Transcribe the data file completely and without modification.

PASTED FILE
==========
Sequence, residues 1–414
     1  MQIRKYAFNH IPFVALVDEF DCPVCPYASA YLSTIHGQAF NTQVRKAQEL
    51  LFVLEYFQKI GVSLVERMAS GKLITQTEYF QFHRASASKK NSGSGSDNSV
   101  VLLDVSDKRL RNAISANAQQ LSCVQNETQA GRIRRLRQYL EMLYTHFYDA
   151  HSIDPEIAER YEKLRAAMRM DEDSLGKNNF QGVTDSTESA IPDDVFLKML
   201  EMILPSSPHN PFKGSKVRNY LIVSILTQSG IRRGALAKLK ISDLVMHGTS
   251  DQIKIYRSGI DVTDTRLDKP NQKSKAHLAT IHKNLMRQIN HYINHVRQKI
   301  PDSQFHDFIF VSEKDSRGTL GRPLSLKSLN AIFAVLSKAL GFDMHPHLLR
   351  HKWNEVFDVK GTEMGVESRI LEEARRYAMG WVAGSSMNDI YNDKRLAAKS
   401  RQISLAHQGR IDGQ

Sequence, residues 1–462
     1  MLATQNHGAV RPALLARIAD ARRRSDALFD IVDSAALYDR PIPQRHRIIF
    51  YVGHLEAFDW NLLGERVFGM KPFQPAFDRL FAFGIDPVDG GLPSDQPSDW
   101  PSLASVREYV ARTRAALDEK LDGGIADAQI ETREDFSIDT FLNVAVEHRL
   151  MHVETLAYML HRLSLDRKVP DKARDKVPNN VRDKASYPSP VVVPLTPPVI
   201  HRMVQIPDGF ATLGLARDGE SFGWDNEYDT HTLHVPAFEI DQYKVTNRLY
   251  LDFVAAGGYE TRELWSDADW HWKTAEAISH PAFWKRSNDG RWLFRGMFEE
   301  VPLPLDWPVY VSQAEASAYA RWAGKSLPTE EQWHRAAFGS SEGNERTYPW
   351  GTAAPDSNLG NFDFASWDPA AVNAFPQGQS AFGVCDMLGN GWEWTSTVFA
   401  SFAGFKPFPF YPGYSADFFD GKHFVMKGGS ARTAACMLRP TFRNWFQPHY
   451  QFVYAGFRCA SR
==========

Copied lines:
Sequence, residues 1–414
     1  MQIRKYAFNH IPFVALVDEF DCPVCPYASA YLSTIHGQAF NTQVRKAQEL
    51  LFVLEYFQKI GVSLVERMAS GKLITQTEYF QFHRASASKK NSGSGSDNSV
   101  VLLDVSDKRL RNAISANAQQ LSCVQNETQA GRIRRLRQYL EMLYTHFYDA
   151  HSIDPEIAER YEKLRAAMRM DEDSLGKNNF QGVTDSTESA IPDDVFLKML
   201  EMILPSSPHN PFKGSKVRNY LIVSILTQSG IRRGALAKLK ISDLVMHGTS
   251  DQIKIYRSGI DVTDTRLDKP NQKSKAHLAT IHKNLMRQIN HYINHVRQKI
   301  PDSQFHDFIF VSEKDSRGTL GRPLSLKSLN AIFAVLSKAL GFDMHPHLLR
   351  HKWNEVFDVK GTEMGVESRI LEEARRYAMG WVAGSSMNDI YNDKRLAAKS
   401  RQISLAHQGR IDGQ

Sequence, residues 1–462
     1  MLATQNHGAV RPALLARIAD ARRRSDALFD IVDSAALYDR PIPQRHRIIF
    51  YVGHLEAFDW NLLGERVFGM KPFQPAFDRL FAFGIDPVDG GLPSDQPSDW
   101  PSLASVREYV ARTRAALDEK LDGGIADAQI ETREDFSIDT FLNVAVEHRL
   151  MHVETLAYML HRLSLDRKVP DKARDKVPNN VRDKASYPSP VVVPLTPPVI
   201  HRMVQIPDGF ATLGLARDGE SFGWDNEYDT HTLHVPAFEI DQYKVTNRLY
   251  LDFVAAGGYE TRELWSDADW HWKTAEAISH PAFWKRSNDG RWLFRGMFEE
   301  VPLPLDWPVY VSQAEASAYA RWAGKSLPTE EQWHRAAFGS SEGNERTYPW
   351  GTAAPDSNLG NFDFASWDPA AVNAFPQGQS AFGVCDMLGN GWEWTSTVFA
   401  SFAGFKPFPF YPGYSADFFD GKHFVMKGGS ARTAACMLRP TFRNWFQPHY
   451  QFVYAGFRCA SR